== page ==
“Whilst I don’t remember the Boxing Day game that well, Graeme Souness signed for Sampdoria in 1984 and we often talked about the game in 1981. Graeme told me that after City had beaten them, they had a huge crisis meeting because they’d dropped to twelfth in the league and they made some major changes in system, personnel and they went and won the league.”
Sir Kenny concurred, adding: “Whatever Bob Paisley said after the game was pretty effective! We went on a run after that and won the League and League Cup that year.
“For my part, I always enjoyed playing City. Maine Road was a great place to go and watch a game whether as a player or when I was a manager. “
Interestingly, Mark Lawrenson touches on Liverpool’s dominance in this fixture – both home and away – and believes there was a bit of psychology going on - and not good psychology in City’s case.
“It was funny in some ways,” he said. “We won the return against City 5-0 at Maine Road and I always felt that whenever we played there, City expected us to beat them. No matter what team City put out, I always felt there was a kind of ‘Ah well, we always win at Maine Road’ from us and ‘Ah well, we always get beat by Liverpool at Maine Road’. We used to have some really strange games and often just felt it was just far too easy. It was a nice big pitch to play on but it was strange in many ways.”
Joe Corrigan doesn’t agree that there was an expectation to lose – more that Liverpool were such a powerful force for so long…
“I can’t put my finger on it,” said Joe. “If I could, I would be a manager. Clubs just have bogey teams, but that said, they mostly had a very good team whenever we played them and unless you’re at your best and they have a bit of an off day, it’s a struggle. Anfield is one of the most intimidating grounds you can play at – maybe less so now The Kop is an all-seater – but when they were in full voice, it could be an unnerving place to be. We just went out and tried to do our best.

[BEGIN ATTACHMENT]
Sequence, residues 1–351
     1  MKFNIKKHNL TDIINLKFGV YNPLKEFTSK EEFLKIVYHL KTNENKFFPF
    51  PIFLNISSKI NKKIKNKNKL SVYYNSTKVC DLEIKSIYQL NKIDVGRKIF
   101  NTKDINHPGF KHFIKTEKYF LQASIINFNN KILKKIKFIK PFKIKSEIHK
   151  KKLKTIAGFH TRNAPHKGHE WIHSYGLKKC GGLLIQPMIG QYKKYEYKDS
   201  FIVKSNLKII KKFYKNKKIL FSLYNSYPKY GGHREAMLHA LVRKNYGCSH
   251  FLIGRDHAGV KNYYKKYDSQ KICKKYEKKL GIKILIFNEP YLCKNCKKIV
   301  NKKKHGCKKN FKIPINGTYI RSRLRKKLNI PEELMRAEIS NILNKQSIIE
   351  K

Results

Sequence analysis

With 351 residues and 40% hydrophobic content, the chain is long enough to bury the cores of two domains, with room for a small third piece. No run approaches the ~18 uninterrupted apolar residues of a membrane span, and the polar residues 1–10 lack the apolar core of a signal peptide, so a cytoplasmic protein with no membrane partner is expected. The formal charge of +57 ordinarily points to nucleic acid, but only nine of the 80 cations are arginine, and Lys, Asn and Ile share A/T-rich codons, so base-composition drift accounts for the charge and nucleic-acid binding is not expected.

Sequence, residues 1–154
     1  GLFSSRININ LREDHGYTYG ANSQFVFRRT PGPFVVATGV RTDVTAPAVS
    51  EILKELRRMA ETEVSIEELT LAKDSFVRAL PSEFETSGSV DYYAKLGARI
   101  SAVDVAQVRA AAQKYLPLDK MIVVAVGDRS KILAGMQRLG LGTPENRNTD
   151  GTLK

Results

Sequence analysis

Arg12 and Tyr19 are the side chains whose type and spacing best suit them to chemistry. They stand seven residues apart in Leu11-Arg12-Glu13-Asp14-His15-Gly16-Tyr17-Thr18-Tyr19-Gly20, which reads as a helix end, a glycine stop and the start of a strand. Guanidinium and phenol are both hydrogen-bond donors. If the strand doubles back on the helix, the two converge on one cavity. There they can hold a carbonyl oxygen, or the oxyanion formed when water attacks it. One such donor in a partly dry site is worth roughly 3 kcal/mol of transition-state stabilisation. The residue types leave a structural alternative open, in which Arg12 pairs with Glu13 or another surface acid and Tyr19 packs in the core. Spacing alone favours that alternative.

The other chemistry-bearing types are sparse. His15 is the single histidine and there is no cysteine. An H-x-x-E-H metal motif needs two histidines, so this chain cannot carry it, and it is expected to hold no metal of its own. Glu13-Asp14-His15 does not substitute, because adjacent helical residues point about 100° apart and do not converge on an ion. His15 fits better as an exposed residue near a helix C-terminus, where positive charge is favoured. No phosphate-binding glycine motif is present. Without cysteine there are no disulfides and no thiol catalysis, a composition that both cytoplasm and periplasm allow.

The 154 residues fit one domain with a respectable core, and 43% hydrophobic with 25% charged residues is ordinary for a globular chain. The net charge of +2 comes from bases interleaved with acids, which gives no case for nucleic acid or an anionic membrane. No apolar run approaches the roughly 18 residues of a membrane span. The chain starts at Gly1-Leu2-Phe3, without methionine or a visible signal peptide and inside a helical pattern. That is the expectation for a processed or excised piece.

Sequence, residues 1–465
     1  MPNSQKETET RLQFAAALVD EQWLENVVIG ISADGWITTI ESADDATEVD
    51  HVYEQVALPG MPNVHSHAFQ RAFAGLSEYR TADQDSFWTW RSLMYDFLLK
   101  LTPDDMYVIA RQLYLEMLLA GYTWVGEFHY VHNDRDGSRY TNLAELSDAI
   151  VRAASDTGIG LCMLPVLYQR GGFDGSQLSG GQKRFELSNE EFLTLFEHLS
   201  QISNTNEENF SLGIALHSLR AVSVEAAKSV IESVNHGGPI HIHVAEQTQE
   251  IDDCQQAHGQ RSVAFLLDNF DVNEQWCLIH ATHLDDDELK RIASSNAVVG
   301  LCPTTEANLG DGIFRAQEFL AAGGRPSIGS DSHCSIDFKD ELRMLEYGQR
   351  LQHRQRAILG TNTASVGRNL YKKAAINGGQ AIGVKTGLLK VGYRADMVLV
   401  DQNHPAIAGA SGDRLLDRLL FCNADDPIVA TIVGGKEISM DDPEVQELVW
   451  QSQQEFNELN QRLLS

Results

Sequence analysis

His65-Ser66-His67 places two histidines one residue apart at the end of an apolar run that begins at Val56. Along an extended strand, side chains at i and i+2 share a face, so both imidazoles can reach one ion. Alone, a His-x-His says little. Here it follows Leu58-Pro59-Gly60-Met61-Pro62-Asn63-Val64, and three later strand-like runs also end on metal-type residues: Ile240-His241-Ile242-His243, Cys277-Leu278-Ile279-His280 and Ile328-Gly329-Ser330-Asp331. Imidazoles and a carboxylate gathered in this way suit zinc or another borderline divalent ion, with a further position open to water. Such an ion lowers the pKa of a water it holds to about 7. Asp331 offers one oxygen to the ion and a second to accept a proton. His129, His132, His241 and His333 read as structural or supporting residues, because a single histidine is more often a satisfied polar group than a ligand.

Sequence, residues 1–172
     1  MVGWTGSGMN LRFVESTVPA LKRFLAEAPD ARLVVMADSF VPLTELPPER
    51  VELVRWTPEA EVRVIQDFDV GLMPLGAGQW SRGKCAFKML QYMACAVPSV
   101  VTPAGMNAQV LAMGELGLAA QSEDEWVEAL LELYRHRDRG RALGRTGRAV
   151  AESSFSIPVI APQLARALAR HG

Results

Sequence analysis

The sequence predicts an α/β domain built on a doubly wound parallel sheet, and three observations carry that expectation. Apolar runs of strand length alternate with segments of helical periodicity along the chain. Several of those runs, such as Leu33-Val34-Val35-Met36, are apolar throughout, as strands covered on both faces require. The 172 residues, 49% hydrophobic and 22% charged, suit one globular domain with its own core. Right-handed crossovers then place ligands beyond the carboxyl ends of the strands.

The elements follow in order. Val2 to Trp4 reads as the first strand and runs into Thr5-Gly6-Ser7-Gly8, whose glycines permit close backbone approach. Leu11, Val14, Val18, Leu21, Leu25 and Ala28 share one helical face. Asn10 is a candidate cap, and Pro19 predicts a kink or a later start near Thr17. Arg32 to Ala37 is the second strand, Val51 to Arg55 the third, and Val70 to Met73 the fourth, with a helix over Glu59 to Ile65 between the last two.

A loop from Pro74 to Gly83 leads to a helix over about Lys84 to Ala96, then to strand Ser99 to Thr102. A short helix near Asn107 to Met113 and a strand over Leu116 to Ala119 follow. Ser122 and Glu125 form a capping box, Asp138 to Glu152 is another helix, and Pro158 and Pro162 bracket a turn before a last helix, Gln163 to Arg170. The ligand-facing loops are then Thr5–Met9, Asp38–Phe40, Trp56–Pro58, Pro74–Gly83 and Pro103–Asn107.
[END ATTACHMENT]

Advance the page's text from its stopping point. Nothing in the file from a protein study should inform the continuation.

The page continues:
“I don’t think we expected to get beat when we played Liverpool. That said, I remember when we got together for England and the Liverpool lads would try and wind the City contingent up saying things like, ‘We’ve got a good Christmas and Easter coning up’ – we’d take the bait and ask why, and they’d say that’s when they were playing us.
“The truth is, for a long time, we were up against some of the best players in Europe and that’s the bottom line. But why we have lost so many games over the years? I honestly can’t answer why.”
Fast forwarding to 2021, and we’ll leave Sir Kenny Dalglish with the final word.
One of the game’s true greats for Celtic, Liverpool and Scotland, more than anything he loves great football and says City and Liverpool have provided that in abundance over the past few years.
“I think the two teams will go head-to-head again this year as it has been few the last few seasons.,” he said. “The first game ended 1-1 at the Etihad was fantastic to watch and I think on Sunday, both teams will start really quickly.
“Some of the passing in the 1-1 draw was brilliant and it was really enjoyable to watch – it was the right result, but it was really entertaining. We are rivals, now, but at the end of the day, both City and Liverpool are a shining example of the Premier League because of the way they play football.”